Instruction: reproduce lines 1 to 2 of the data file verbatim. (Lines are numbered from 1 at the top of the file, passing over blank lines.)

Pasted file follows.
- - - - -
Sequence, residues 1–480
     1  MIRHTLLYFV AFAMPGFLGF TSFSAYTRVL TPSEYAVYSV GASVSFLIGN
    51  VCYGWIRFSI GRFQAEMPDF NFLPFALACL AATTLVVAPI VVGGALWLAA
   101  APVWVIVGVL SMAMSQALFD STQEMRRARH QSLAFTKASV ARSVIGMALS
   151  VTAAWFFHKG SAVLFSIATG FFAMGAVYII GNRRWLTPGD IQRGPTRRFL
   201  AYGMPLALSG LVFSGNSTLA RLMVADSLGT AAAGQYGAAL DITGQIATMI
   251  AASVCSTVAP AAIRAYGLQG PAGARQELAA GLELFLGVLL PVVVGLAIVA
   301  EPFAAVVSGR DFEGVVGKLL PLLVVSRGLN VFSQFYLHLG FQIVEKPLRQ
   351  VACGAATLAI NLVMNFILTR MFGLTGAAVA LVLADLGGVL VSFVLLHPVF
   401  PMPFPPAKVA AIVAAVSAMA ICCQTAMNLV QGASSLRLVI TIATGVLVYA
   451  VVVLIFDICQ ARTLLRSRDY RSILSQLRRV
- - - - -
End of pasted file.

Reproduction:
Sequence, residues 1–480
     1  MIRHTLLYFV AFAMPGFLGF TSFSAYTRVL TPSEYAVYSV GASVSFLIGN